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Mnangagwa ally want a review of the skewed Save Valley ownership structure

by Staff reporter
15 Feb 2018 at 05:49hrs | Views
The provincial leadership here has expressed concern over the small number of indigenous players operating in the wildlife-rich Save Valley Conservancy.

This comes against the backdrop of revelations that out of 27 properties within the conservancy, only two were indigenous-owned, with the rest under the control of foreign operators.

Masvingo Provincial Affairs Minister Senator Josaya Hungwe on Tuesday appealed to Government to address the skewed ownership structure at the conservancy.

He said increased presence of indigenous players would solve some of the nagging challenges that were affecting operations at Save Valley.

"There is urgent need to look into the ownership structure at all properties in the Save Valley conservancy because as the provincial leadership we are not happy at all that 25 properties at the conservancy are in the hands of foreigners and only two are under the ownership of indigenous players," said Minister Hungwe.

"That anomaly is not sustainable and must be addressed. Save Valley Conservancy is very strategic to the economy of Masvingo province and we want more black players there, more indigenous black players should also be empowered by being incorporated in the lucrative wildlife conservancy sector through partnerships with whites who are there."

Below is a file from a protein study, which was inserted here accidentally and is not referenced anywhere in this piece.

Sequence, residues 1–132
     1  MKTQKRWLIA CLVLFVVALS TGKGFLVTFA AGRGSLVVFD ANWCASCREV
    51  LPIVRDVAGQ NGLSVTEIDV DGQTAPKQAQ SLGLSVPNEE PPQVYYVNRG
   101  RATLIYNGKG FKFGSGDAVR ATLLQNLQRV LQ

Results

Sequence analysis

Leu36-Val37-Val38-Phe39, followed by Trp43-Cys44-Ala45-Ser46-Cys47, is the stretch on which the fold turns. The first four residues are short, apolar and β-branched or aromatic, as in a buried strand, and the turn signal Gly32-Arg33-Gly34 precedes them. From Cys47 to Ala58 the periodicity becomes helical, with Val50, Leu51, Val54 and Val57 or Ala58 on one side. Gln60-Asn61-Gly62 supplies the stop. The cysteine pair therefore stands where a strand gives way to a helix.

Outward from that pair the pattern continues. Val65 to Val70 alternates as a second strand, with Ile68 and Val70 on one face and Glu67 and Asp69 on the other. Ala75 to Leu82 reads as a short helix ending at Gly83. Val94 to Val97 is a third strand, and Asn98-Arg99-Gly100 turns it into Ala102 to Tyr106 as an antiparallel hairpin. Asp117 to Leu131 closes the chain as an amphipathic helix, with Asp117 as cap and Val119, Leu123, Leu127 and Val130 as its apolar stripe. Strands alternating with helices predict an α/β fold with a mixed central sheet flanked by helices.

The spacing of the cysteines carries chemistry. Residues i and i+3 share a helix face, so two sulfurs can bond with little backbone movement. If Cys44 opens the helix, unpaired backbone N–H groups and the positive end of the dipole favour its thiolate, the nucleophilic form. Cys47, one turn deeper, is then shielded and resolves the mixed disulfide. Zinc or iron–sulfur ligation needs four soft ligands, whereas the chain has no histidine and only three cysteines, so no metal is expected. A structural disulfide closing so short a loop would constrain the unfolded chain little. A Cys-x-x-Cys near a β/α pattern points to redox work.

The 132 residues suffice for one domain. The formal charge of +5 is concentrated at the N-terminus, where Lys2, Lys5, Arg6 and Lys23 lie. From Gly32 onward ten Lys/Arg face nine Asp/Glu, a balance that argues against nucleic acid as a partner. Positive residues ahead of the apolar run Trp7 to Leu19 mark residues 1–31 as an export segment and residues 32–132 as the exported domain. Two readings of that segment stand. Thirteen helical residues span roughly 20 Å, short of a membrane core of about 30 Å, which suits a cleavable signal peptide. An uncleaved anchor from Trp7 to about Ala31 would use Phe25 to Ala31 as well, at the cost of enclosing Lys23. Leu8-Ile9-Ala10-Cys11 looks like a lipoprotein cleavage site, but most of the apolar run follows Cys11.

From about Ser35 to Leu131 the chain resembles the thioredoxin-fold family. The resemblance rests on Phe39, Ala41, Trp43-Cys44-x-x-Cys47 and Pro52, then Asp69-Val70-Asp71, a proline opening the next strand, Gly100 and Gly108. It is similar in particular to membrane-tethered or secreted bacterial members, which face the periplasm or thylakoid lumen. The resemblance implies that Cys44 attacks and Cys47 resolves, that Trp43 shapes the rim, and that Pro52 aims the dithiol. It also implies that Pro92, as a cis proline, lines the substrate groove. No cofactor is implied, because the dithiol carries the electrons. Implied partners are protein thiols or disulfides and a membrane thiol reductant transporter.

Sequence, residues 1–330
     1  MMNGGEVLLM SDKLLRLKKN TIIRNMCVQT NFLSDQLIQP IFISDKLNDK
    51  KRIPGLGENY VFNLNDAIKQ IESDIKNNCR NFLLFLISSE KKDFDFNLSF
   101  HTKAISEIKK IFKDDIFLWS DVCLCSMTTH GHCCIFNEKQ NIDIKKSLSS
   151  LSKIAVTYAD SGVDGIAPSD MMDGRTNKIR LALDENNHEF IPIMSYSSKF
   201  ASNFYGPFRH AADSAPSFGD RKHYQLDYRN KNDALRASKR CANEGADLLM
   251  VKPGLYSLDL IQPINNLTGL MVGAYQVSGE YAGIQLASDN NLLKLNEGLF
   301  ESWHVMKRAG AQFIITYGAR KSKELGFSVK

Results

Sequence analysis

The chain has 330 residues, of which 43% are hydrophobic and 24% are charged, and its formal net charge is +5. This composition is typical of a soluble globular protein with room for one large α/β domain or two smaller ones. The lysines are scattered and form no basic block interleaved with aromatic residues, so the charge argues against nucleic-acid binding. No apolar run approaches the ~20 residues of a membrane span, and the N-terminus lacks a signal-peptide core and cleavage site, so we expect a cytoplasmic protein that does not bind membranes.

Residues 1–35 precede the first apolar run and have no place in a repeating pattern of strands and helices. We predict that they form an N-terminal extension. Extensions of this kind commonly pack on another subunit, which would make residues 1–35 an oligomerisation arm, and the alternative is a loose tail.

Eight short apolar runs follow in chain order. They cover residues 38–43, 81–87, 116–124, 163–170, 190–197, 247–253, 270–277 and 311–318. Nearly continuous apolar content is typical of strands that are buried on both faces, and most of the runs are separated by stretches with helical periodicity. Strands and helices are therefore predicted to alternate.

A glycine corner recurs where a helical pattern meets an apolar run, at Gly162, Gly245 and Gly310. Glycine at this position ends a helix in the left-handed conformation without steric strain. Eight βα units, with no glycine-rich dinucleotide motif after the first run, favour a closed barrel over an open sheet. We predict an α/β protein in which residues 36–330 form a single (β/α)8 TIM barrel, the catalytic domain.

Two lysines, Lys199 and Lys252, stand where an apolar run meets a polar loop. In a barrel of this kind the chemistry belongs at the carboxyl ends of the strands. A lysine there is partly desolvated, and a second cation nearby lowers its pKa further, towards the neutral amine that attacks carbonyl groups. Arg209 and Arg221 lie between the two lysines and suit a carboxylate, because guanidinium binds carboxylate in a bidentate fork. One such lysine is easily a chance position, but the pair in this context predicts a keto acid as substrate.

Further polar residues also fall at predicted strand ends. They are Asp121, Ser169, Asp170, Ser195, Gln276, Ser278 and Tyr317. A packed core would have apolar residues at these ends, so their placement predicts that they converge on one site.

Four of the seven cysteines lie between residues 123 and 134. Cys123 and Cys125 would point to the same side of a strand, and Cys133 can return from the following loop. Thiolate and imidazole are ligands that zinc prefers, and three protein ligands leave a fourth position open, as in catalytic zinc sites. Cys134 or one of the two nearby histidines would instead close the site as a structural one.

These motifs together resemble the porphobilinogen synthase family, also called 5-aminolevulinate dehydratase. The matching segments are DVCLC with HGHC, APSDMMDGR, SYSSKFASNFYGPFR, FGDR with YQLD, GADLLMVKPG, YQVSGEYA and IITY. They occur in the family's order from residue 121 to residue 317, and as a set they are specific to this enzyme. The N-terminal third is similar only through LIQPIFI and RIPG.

Minister Hungwe said there was need for a fact-finding mission at Save Valley to establish some of the challenges affecting the smooth running of operations at the conservancy.

He said Government was worried about the increasing cases of human/wildlife conflicts at the wildlife-rich conservancy.

"We need to have a lasting solution to problems at Save Valley and these solutions will be found if concerns of communities around the conservancy are also taken into account," said Minister Hungwe.

Communities in areas such as Bikita, Zaka, Chipinge and Chiredzi, that border the vast Save Valley, have borne the brunt of stray wild animals and predators that destroy their crops and property every year and in some extreme situations cause loss of human life.

Large parts of the perimeter fence around the conservancy was vandalised by poachers, a development that resulted in wild animals straying into areas where people live.

A few years ago, several Zanu-PF bigwigs in Masvingo were issued with 25-year leases to run conservancy operations in Save Valley under the wildlife-based land reform programme, sparking an outcry.

The leases were subsequently withdrawn after Government noted that some of the beneficiaries at the conservancy were multiple farm owners who had already benefited under the land reform programme.

Source - the herald